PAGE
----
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Kyrgyzstan: Are Further Revolutions Inevitable In The CIS?

  • Jeremy Bransten

http://gdb.rferl.org/135E478A-EE8C-4C68-BADF-85BBCCA67E01_w203.jpg --> http://gdb.rferl.org/135E478A-EE8C-4C68-BADF-85BBCCA67E01_mw800_mh600.jpg Kazakh President Nursultan Nazarbaev has concentrated power in his extended family. (file photo) Following uprisings in Georgia and Ukraine, Kyrgyzstan's President Askar Akaev last week became the third post-Soviet leader in recent months to be felled by a popular uprising. The speed of Akaev's demise surprised many observers, prompting questions about what made his regime so fragile. Some are now asking who will be next in the Commonwealth of Independent States (CIS)?

Prague, 31 March 2005 (RFE/RL) -- Kyrgyzstan's deposed president had blunt advice from his forced exile in Russia this week.

In an interview with Ekho Moskvy radio, Akaev was asked what he would counsel his fellow CIS presidents if they faced popular uprisings that threatened to topple their governments. His answer: Learn from my mistake; use force.

"What lesson did I learn from the March 24 events?" Akaev said. "Our democracy is still weak, and it cannot protect itself. So I would advise my colleagues to protect democratic gains, including with the use of force if needed."

It is easy to see how Akaev might draw such a conclusion. If the Georgian, Ukrainian, and Kyrgyz popular uprisings have one thing in common, it is that they succeeded in part because massive force was not employed against unarmed demonstrators.
The key ingredients to a popular uprising seem to be clear: a corrupt government that cannot distribute favors to enough people to maintain support, perceived economic hardship, and traces of democracy and partial freedom of the press -- so that people become aware of the problem.


But few observers believe violence would have stabilized the situation in any of these countries.

If a leader is confronted with the choice between fleeing and shooting his own people, the situation has already spun out of control. The more interesting question, say analysts, is how Akaev was backed into a corner -- and whether his mistakes are being repeated by other leaders in the CIS, making them vulnerable?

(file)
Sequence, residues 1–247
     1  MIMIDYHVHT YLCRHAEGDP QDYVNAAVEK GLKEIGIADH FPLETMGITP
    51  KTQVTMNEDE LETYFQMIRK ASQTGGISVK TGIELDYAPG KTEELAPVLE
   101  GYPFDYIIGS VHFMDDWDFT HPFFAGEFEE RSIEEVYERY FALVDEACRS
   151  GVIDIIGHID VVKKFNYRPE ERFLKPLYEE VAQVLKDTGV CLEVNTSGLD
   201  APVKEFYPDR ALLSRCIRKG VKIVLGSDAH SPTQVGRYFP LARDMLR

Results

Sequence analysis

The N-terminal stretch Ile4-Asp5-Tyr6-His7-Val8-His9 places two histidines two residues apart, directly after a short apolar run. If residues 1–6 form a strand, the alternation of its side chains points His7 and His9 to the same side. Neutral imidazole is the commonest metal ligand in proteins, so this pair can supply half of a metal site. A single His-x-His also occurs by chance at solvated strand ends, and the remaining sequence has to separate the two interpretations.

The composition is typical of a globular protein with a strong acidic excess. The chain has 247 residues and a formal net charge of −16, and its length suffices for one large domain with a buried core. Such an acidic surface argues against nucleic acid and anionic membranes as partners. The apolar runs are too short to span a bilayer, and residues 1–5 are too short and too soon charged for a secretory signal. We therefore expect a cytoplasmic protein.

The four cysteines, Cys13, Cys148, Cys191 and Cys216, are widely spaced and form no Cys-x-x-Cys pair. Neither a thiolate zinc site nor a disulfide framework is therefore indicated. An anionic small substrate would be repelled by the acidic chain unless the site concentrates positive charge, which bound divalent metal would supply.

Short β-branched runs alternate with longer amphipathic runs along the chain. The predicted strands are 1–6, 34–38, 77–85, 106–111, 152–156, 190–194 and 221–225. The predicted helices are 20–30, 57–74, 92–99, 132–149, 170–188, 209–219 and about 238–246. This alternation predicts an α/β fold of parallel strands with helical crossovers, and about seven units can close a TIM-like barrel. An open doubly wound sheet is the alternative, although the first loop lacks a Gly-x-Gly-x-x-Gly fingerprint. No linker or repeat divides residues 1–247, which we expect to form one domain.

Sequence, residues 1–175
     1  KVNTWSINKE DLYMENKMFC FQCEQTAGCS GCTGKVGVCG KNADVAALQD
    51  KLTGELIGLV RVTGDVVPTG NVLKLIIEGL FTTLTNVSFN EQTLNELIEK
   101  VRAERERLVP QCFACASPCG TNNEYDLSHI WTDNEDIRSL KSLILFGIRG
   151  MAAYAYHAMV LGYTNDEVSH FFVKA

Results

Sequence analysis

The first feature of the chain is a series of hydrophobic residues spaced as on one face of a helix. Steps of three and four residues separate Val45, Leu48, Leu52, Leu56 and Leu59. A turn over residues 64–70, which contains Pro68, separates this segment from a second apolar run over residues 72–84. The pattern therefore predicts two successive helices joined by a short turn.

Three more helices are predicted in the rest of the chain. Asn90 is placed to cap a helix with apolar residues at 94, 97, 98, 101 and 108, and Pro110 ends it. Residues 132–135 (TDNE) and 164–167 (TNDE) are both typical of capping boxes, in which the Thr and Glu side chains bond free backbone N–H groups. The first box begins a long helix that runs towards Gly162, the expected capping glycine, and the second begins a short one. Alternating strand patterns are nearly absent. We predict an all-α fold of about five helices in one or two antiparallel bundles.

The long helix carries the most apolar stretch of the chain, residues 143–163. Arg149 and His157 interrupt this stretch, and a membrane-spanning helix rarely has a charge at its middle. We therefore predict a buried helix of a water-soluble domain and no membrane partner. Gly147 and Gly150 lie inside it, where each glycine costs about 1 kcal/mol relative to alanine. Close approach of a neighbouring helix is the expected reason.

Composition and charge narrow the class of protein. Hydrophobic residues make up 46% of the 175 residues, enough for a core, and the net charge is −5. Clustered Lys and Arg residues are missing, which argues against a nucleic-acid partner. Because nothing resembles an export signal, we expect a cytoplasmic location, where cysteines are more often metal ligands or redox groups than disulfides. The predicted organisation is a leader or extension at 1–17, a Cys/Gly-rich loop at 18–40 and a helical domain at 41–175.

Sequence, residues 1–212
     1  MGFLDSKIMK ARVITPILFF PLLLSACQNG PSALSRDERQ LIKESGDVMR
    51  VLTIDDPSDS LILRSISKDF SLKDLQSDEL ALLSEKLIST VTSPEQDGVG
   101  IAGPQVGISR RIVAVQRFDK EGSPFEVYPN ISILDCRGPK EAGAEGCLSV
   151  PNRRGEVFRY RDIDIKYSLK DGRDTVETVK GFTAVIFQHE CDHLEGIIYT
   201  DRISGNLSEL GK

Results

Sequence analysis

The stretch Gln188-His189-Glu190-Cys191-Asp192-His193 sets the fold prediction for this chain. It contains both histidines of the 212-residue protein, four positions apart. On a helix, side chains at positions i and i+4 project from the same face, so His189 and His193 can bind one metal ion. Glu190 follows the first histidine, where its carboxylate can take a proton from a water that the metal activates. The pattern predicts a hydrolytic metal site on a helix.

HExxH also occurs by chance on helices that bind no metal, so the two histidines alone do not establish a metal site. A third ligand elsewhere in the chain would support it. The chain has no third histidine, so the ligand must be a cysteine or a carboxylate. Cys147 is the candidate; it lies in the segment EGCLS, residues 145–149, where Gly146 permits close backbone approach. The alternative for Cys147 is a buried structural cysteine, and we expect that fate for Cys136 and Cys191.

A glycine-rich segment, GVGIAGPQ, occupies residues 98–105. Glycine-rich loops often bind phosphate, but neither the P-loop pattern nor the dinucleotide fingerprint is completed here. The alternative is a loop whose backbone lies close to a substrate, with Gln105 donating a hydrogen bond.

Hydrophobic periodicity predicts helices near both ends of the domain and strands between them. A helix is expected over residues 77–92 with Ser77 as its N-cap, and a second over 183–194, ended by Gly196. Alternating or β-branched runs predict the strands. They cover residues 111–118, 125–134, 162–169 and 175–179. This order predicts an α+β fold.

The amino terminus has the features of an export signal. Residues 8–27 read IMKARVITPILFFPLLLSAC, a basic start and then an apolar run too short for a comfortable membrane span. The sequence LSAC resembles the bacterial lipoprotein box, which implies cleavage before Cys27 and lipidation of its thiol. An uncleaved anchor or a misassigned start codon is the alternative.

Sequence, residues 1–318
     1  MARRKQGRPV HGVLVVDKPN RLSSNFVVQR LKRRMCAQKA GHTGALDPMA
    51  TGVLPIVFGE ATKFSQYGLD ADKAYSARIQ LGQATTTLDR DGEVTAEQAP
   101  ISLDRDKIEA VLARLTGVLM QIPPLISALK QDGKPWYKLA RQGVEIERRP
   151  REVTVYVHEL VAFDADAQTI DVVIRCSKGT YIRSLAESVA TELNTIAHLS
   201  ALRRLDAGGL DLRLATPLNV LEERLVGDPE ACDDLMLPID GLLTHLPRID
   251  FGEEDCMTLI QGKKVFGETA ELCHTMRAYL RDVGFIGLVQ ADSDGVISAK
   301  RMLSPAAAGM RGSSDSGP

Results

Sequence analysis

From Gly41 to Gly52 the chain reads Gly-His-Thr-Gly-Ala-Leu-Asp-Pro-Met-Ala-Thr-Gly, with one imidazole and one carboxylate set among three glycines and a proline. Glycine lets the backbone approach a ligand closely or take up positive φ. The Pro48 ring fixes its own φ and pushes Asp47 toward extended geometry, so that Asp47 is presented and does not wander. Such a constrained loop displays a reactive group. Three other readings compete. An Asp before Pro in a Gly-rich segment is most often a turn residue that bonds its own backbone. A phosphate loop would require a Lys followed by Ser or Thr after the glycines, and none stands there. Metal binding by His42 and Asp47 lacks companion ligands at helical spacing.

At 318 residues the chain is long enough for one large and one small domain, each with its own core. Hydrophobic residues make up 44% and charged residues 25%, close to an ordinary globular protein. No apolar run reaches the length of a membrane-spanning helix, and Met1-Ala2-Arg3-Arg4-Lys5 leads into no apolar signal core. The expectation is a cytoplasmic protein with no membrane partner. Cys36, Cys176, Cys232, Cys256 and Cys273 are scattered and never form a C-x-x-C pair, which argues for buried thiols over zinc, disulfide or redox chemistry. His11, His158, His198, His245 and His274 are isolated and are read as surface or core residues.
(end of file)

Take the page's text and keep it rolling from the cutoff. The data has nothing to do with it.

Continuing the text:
Sergei Luzyanin of the Moscow Institute for International Relations (MGIMO) says Akaev made several cardinal mistakes that weakened his rule. The first was to violate an unspoken power-sharing agreement between representatives of the country's northern and southern clans. Akaev, a northerner, kept all the patronage posts for his northern allies.

"Traditionally, especially at the local government level, even back in the Soviet period, there was a regular alternation between the northern and southern clans," Luzyanin says. "Under Akaev, this regular exchange was disrupted, and the northern clan --- Akaev's clan -- controlled the southern regions and the southern clans were dissatisfied. This is why Osh, Jalal-Abad, Batken blew up -- because a feeling of social injustice has accumulated there during the 14 years of Akaev's rule. The unspoken rule [about the alternation between north and south], which had always been observed, was broken."

Akaev went one step further, gradually bringing his extended family into the political process. Such nepotism came at the expense of even his northern political backers, breeding resentment within his own bureaucracy. This turned into his Achilles' heel, says Luzyanin, as civil servants lost any sense of loyalty to the regime.

"[The civil servants] all were saying: 'We're against him. But we're biding our time, and as soon as we see the first signal, we will hand over our boss.' Which is exactly what happened," says Luzyanin. "Seventy percent of government bureaucrats -- including some very important ones -- as soon as it became clear that Akaev's power was set to crumble, immediately switched to the other side, either by directly backing them or at least remaining neutral in relation to the opposition."

Thanks to a faltering economy, aspects of a free press, and the presence of nongovernmental organizations, many Kyrgyz were aware of the situation and deeply dissatisfied.

Murad Esenov, editor of the Sweden-based "Central Asia and the Caucasus" journal, says the fact that Kyrgyzstan -- like Georgia and Ukraine -- was relatively more democratic than other CIS countries speeded the demise of the regime.

"Many people think the Akaev regime fell very quickly, but I don't share this opinion," Esenov says. "You need to look at what came before recent events. We know very well that in Kyrgyzstan, nongovernmental organizations and a [partially] free media functioned, and they had been criticizing the government's policies very harshly, for a very long time. Since the government wasn't doing a very good job, public opinion against the government had already been formed."